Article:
The very first step in the proper management of Hirakud requires acquisition of an accurate body of knowledge on the capacity of the reservoir. The reservoir capacity of 5,818 million cubic meters at the time of the commissioning of the dam in 1957 is no longer correct as vast quantities of silts and sediments flowing into the reservoir steadily for the last fifty years have substantially reduced the capacity. I have come across some guess estimates of 20 to 25% reduction of the capacity, which could well be the case, but I am not aware of any authoritative study on the subject. Calculation of the capacity requires the construction of a three-dimensional picture of the reservoir that starts with the profile of the bottom.  A simple-minded assumption that the bottom of the reservoir is flat is incorrect; in fact it could be anything but flat. The floor of the reservoir could be criss-crossed with numerous channels and may possess complicated topography hosting many interesting sedimentary and hydrological features.  Only a detailed investigation with the help of a side-scan sonar can provide an accurate profile of the bottom.  A side-scan sonar survey is not particularly difficult (not easy either!), requires a boat to anchor the sonar and a few pieces of equipment, and a lap-top computer to record the bottom profile.  A detailed side-scan sonar survey of Hirakud reservoir must be conducted as soon as possible.  Moreover, it is important to remember that the bottom profile will keep changing virtually every year after the monsoonal influx.  Therefore, survey of the bottom profile may become necessary to be carried out on an ongoing basis.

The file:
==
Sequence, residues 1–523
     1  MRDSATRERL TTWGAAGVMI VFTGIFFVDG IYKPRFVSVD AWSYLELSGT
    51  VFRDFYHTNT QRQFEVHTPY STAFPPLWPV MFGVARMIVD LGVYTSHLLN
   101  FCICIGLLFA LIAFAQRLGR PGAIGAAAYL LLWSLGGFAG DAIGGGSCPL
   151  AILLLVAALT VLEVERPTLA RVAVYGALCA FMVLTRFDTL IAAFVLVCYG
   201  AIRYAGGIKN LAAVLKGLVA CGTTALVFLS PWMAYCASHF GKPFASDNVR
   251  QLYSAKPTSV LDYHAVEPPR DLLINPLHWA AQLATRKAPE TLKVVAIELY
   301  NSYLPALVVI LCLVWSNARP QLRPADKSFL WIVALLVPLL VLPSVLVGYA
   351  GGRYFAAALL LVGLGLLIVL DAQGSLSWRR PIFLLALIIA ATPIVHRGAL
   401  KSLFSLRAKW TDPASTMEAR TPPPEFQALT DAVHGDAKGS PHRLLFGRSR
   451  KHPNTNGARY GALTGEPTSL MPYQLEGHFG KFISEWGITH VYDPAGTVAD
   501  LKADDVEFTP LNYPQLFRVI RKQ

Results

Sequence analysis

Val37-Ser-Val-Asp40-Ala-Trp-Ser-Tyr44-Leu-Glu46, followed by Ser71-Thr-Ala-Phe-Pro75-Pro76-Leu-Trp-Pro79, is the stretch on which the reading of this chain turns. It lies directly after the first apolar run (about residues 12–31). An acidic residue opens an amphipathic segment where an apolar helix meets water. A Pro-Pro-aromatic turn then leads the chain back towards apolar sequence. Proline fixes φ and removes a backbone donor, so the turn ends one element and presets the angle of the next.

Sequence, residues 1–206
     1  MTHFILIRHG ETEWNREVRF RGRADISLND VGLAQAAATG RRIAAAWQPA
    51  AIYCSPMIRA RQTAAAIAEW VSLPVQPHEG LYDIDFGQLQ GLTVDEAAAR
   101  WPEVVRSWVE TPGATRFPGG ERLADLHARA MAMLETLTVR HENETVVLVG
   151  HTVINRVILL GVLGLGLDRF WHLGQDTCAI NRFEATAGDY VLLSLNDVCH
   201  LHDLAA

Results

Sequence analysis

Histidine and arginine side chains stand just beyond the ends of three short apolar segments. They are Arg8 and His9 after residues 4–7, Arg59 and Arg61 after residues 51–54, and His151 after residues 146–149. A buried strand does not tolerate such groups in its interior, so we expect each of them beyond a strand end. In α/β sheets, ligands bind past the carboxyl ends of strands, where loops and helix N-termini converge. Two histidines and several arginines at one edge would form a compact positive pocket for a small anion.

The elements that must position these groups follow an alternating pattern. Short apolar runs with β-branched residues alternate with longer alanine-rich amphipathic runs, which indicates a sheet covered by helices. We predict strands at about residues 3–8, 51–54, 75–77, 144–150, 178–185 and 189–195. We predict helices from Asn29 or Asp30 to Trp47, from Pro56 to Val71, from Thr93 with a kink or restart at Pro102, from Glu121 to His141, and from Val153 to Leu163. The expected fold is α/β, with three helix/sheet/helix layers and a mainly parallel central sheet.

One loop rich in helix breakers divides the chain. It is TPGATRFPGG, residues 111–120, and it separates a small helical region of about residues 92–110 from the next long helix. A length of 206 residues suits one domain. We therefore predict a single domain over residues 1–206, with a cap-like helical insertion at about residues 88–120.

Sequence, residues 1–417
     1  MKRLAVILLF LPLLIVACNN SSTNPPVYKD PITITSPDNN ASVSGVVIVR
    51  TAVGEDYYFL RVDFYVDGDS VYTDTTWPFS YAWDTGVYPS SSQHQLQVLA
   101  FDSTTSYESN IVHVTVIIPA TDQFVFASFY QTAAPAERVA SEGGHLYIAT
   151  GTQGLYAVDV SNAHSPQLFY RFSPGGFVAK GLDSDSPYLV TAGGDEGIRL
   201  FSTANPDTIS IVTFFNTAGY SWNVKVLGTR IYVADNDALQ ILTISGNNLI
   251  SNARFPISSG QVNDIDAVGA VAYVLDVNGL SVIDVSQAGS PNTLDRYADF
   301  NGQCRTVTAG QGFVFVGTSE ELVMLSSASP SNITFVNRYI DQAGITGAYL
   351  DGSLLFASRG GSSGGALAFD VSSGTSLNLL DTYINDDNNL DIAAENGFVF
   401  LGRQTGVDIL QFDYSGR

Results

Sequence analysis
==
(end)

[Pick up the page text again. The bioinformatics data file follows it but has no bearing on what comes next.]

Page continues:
If the results of side-scan sonar survey reveal the presence of unstable sedimentary deposits which are in danger of toppling, leading to mudslides, dredging will become inevitable.  Cutter-section dredging could be carried out, which could also be used either to reinforce the earthern dykes, if necessary, or to land-scape some of the islands within the reservoir for better uses.  Bed leveller dredging, which is comparable to the operations of a bulldozer on land, could be done to flatten the floor of the reservoir to eliminate the dangers of a mudslide.